The four-play cycle closes with the death of Richard III and the ascent to the throne of Henry VII, the founder of the Tudor dynasty, to which Elizabeth belonged. In style and structure, these plays are related partly to medieval drama and partly to the works of earlier Elizabethan dramatists, especially Christopher Marlowe. Either indirectly (through such dramatists) or directly, the influence of the classical Roman dramatist Seneca is also reflected in the organization of these four plays, especially in the bloodiness of many of their scenes and in their highly colored, bombastic language.

From RICHARD III

CATESBY

Rescue, my Lord of Norfolk, rescue, rescue!

The King enacts more wonders than a man,

Daring an opposite to every danger.

His horse is slain, and all on foot he fights,

Seeking for Richmond in the throat of death.

Rescue, fair lord, or else the day is lost!

[Alarums.] Enter [King] Richard.

KING RICHARD

A horse, a horse! my kingdom for a horse!

CATE.

Withdraw, my lord, I'll help you to a horse.

K. RICH.

Slave, I have set my life upon a cast,

And I will stand the hazard of the die.

I think there be six Richmonds in the field;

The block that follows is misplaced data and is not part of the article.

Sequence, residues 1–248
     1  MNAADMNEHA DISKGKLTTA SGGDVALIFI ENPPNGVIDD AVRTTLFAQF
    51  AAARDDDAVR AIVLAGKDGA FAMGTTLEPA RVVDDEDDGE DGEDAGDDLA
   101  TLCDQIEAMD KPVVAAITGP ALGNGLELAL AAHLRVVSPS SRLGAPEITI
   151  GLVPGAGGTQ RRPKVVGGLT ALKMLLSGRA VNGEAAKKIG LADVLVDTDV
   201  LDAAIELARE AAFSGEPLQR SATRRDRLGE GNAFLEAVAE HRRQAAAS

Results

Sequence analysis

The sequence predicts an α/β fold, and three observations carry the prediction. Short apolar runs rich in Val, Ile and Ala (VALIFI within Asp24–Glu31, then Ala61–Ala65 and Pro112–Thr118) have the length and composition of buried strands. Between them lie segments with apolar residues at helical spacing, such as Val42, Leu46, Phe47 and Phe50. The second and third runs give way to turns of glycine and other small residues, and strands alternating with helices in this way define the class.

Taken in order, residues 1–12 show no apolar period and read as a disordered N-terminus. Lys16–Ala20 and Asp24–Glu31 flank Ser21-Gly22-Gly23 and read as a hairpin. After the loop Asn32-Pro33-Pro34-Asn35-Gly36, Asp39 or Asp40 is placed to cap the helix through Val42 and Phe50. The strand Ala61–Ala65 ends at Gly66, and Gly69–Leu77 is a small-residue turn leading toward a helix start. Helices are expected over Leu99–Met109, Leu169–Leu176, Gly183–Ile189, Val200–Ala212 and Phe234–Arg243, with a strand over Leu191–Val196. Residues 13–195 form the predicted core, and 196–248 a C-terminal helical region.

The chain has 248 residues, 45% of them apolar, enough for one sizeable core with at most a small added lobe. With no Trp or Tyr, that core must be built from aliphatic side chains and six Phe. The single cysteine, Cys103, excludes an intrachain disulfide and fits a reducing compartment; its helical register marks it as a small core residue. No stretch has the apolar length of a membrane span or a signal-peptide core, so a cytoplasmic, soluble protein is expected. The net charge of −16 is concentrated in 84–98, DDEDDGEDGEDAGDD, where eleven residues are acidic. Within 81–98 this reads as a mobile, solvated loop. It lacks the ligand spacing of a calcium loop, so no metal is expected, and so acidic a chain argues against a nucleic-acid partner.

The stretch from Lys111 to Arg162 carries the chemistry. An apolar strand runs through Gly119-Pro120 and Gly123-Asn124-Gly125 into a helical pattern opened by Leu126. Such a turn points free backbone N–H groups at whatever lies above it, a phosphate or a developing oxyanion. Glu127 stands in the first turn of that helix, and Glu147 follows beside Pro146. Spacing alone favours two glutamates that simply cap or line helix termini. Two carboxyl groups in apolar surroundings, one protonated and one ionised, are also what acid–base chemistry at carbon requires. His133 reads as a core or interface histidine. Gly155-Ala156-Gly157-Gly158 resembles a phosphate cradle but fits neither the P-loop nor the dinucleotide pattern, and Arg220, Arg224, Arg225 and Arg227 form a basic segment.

Five have I slain to-day in stead of him.

A horse, a horse! my kingdom for a horse!

[Exeunt.]

[Scene V]

Alarum. Enter [King] Richard and Richmond; they fight; Richard is slain. Then, retrait being sounded, [flourish, and] enter Richmond, [Stanley, Earl of] Derby, bearing the crown, with other Lords, etc.

RICHMOND

God and your arms be prais'd, victorious friends,

The day is ours, the bloody dog is dead.

STANLEY

Courageous Richmond, well hast thou acquit thee.

Lo here this long-usurped royalty

From the dead temples of this bloody wretch

Have I pluck'd off to grace thy brows withal.

Wear it, enjoy it, and make much of it.

RICHM.

Great God of heaven, say amen to all!

But tell me, is young George Stanley living?

STAN.

He is, my lord, and safe in Leicester town,

Whither, if it please you, we may now withdraw us. (…)

6.2. Игра судьбы и случая как основа коллизий в любовных комедиях Шекспира. Разрешение трагического конфликта в пьесе «Ромео и Джульетта». Победа гармонии над хаосом в ранних произведениях Шекспира.

Shakespeare’s second period includes his most important plays concerned with English history, his so-called joyous comedies, and two of his major tragedies. In this period, his style and approach became highly individualized.